Coffee grounds have a consistent texture that makes them feel like they're at room temperature; they're marketed to you as such, anyway.
This implies that they should be able to live on the counter or in the pantry. However, for some, freezing coffee is the best option.
The most scientific conclusion is to store coffee at room temperature. But, the reasoning behind storing coffee in the freezer is to preserve scent rather than for longevity.
Chemist Christopher Hendon mentioned the molecular basis behind freezing coffee in his 2017 talk at an annual coffee conference.
According to the Arrhenius equation, for every 10-degree Celsius increase in temperature, the reaction rate doubles.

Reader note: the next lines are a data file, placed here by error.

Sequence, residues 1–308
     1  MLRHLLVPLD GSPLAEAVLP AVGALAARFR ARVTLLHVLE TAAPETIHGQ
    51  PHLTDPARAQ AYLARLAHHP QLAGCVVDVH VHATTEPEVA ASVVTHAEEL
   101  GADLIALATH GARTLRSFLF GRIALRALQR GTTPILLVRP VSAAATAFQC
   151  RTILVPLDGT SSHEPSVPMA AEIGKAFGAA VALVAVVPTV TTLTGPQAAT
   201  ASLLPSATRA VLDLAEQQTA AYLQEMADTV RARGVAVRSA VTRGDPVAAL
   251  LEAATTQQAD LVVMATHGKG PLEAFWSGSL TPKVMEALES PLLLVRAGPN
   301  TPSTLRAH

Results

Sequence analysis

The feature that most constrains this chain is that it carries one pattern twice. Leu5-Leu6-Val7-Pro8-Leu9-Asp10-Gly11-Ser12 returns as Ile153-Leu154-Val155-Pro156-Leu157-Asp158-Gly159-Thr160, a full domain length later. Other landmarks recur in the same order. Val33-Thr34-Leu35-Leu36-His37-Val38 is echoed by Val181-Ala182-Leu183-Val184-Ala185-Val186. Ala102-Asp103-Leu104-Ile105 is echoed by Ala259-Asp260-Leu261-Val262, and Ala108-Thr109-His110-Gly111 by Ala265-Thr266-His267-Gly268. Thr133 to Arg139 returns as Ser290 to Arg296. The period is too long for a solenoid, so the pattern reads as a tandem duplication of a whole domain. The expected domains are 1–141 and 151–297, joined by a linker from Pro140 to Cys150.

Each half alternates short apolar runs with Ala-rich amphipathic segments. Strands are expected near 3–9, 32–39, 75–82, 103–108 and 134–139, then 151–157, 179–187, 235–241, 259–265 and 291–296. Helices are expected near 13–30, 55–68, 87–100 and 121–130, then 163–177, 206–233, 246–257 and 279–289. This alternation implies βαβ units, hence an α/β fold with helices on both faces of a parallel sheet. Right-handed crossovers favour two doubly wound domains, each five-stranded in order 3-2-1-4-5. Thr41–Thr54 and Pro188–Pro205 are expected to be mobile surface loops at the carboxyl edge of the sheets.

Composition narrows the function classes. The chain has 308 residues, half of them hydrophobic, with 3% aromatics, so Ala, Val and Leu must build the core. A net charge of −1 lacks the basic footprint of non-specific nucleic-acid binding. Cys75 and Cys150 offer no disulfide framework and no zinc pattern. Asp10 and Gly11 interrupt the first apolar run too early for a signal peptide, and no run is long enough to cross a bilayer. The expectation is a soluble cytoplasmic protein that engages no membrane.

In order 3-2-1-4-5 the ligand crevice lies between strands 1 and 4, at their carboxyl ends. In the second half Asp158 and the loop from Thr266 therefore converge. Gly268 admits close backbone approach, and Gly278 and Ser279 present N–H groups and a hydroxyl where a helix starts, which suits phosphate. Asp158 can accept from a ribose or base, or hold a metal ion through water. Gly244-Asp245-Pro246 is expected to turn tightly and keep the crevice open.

Similarly, every 10-degree Celsius fall in temperature reduces the response rate by half, thus keeping coffee cool will keep the smell.
There's a proper and improper way to keep coffee in the fridge or freezer. Linne suggests storing beans in a Tupperware or Mason jar to prevent them from getting wet.
Linne claims that pre-ground coffee is incredibly dry. Because moisture attracts dry objects, keeping ground coffee in the freezer incorrectly might hasten its spoilage.